Summer Days — TBT

These lazy days of summer are flying by in a blur of sunny afternoon skies and long warm evenings sipping sangria on the patio. As I sit sipping my cold, fruity wine, I listen to the sounds of the neighbourhood — children laughing, adults chatting and families eating dinner outside, steaks and hotdogs sizzling on barbeques.

This cacophony of summer sent me into a reverie of seasons past and my thoughts drifted to days when my daughters were still at home. The fun days at the beach — with a picnic lunch and and drippy ice-cream cones melting in the sun. I remember days that turned to night as we sat on the sand and waited for the sun to set so we could ooh and ahh at stunning firework displays.

TBT to the Summer of 2010

I miss those days for sure — but I am also enjoying these times that are spent with alone with my husband. Blues and jazz playing on the stereo, quiet talks about books, life and watching movies on Netflix. Life is quieter now, slower, simpler — until the girls burst in the door for pizza night!!



TBT — Remembering Elementary School

Blog Post #237

I barely remember my elementary school days. Oh, sure, I have memories of my younger days — vignettes of a time long ago, when innocence reigned and life was carefree with only a skinned knee or lost toy to mar that period of time. But most of the memories that I do have are small moments in time that stand out, sometimes for no apparent reason.

As I was leafing through some old photos (again!), looking for an idea for a “Throw Back Thursday” post, I found an old school photograph of me in the first grade. This was my very first school picture and I have a few crystal clear memories of that day.

School Photo

I remember with perfect clarity the colour of the shirt I am wearing. It was a pale green — not pastel green, but sort of a light, mossy green. I remember it clearly because I loved that top. I loved everything about it  — the light shade, the ruffles on the collar that continued down the front concealing the little buttons and also adorned the little cap sleeves. I can picture my teacher perfectly in my mind. Mrs. Romanow, who was adored by the entire class of 5 and 6 year olds. She combed my hair that day — it was never so neat, not then and not now!!

I remember other instances from those early school days. Dick, Jane and Sally — the children featured in the books that I first learned to read. Making friends with new kids, learning to ice skate at recess on the bumpy outdoor ice rink, eating bologna sandwiches on white bread for lunch, the little pink metal lunch box that held those waxed paper-wrapped sandwiches. The big red primer pencils that we all used in grade one, our plump little fingers curled around them, struggling to draw the ABC’s. My desk with the lift up lid that held a notebook, eraser and those fat pencils.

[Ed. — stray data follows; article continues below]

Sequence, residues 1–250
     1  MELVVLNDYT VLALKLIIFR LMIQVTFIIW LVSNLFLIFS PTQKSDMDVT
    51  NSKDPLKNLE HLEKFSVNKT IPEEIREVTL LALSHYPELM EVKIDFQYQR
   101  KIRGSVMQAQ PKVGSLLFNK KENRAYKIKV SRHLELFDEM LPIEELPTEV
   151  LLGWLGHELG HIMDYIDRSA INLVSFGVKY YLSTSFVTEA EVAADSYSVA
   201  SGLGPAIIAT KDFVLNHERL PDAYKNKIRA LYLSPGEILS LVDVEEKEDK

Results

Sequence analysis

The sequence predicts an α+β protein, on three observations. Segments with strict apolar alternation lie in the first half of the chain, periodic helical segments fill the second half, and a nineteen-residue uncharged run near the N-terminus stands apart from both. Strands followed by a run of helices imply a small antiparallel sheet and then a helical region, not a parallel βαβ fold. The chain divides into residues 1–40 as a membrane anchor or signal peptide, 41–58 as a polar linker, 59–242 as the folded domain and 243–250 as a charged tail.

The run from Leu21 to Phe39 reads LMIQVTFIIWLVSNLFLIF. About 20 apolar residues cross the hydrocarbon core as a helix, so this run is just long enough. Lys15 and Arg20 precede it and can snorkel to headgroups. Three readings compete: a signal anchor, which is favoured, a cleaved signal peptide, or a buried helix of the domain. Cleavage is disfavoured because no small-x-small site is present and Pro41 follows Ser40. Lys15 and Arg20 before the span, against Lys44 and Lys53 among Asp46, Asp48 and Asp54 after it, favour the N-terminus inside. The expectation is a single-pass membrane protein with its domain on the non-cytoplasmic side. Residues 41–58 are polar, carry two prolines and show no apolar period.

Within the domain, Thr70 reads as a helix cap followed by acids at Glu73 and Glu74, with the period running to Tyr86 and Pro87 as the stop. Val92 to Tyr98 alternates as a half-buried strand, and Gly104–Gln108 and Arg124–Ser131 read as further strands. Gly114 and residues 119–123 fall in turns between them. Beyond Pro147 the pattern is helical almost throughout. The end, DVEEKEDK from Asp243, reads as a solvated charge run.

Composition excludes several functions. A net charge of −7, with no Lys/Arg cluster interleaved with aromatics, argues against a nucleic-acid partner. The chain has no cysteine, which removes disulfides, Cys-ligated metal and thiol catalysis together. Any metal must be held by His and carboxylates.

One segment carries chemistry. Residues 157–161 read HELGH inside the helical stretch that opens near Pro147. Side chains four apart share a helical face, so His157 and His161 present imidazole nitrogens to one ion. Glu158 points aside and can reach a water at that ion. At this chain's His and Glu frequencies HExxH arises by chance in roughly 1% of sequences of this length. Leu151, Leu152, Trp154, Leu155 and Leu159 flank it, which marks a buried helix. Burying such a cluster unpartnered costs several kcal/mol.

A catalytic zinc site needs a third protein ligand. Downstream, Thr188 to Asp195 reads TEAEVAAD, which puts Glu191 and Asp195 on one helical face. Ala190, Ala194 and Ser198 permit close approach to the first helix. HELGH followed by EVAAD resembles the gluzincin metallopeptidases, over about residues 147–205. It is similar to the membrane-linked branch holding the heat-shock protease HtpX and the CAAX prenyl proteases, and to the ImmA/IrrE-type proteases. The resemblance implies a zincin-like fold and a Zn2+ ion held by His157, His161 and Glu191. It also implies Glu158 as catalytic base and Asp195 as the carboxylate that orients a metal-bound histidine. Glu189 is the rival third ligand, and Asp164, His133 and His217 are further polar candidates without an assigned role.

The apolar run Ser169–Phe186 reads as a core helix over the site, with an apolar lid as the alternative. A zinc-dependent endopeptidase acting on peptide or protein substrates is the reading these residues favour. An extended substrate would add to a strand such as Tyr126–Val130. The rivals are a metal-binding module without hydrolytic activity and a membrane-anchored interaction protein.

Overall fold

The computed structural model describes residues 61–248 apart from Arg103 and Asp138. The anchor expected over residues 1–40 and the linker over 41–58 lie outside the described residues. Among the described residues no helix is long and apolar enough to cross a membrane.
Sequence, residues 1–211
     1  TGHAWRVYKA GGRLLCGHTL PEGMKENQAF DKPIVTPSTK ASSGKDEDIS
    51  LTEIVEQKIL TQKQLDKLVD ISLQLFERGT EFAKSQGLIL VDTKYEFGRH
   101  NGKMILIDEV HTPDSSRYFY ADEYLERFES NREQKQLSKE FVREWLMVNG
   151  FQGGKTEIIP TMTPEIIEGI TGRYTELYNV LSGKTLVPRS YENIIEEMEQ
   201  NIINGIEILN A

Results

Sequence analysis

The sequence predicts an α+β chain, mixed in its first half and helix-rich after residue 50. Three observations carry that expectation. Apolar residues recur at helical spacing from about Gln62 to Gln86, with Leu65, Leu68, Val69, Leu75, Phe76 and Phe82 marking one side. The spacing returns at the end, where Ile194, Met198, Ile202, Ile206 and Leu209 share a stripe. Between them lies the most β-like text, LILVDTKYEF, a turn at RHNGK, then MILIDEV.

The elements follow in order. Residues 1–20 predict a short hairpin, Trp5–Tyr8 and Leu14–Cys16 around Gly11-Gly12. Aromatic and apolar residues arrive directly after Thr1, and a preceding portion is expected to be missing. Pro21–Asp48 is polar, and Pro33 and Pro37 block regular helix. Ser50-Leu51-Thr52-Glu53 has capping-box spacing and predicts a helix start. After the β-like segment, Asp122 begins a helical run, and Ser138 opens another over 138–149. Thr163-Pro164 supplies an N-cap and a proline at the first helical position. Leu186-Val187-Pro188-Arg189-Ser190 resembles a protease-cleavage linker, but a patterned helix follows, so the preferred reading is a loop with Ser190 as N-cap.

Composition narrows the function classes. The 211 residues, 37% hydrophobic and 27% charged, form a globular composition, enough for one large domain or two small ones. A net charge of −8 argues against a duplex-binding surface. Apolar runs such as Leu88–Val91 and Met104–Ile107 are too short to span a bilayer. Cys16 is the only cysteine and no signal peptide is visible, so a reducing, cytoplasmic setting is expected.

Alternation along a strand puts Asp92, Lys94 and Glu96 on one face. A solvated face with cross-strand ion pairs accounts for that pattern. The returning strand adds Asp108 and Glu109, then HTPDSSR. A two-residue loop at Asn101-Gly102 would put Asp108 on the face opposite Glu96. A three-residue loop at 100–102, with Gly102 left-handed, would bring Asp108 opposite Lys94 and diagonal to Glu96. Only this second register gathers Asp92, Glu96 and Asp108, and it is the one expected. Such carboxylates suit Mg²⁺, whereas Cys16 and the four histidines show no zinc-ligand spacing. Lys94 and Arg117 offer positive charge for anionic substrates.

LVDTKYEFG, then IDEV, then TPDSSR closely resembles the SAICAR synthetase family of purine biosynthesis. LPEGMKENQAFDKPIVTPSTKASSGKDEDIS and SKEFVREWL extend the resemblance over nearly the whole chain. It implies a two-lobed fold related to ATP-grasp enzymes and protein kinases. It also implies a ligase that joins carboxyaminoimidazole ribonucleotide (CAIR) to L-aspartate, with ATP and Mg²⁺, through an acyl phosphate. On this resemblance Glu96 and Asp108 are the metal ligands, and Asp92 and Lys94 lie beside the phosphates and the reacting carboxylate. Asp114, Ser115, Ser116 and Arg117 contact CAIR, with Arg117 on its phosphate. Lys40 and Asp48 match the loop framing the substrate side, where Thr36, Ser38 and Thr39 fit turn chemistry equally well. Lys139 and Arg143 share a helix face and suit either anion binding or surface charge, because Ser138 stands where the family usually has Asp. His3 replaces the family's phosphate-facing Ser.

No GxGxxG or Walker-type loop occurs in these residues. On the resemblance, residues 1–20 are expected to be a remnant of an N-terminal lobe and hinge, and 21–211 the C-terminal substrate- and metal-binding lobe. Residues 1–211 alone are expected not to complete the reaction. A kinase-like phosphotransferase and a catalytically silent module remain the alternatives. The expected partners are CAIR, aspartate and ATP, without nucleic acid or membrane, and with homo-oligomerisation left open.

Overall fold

Laughter, fun, excitement, scraped knees, friends, family and bubble gum. These, like most of my memories of my childhood, while fuzzy and a little dim, still retain a sense of joy, innocence and happiness. I hope that holds true for my children and for you, as well.





Silver Anniversary

Today, my husband and I are celebrating our 25th wedding anniversary. It won’t be a lavish affair, in fact, I will probably just cook something special and buy a bottle of champagne to toast this milestone, instead of going out to a fancy restaurant. We haven’t made any plans.

We rarely have big splashy parties or “events” to mark the special occasions in our lives, but it doesn’t mean that they aren’t important to us. It just means that we don’t feel the need to pull out all the stops to celebrate the special moments that make up our life together, but we do acknowledge them in our own way.

We usually buy each other a present, mostly very non-traditional gifts. (Last year, Bruce got a ukelele!) It’s funny though, I don’t remember a lot of those gifts, but I do have very special memories from the past 25 years of our married life.

The special Valentine’s card that he had made me with a poem he’d written inside, or the time he taught me the easy way to convert fractions into decimals. The CD he made me for Christmas one year — the one where every song on it is one that I love. The way he read The Little Engine That Could over and over and over to our two daughters when they were young. How he carried all three of us back to the car after a long hike on Gabriola Island. The single, long-stemmed red rose he would give to each daughter at the end of every school year. Or how he has helped me to grow, giving me the courage to be myself, to accept my flaws, to see myself as a beautiful, smart and kind human being — as he sees me.

To be sure, we have had our ups and downs, arguments, and silly spats, but through it all we have found a path that leads to acceptance, forgiveness and a deeper loving bond. We respect, like and love each other.

I thank you, Bruce, for this wonderful quarter of a century of our life together and all the beautiful remembrances. I am looking forward to making more memories with you in the next 25 years!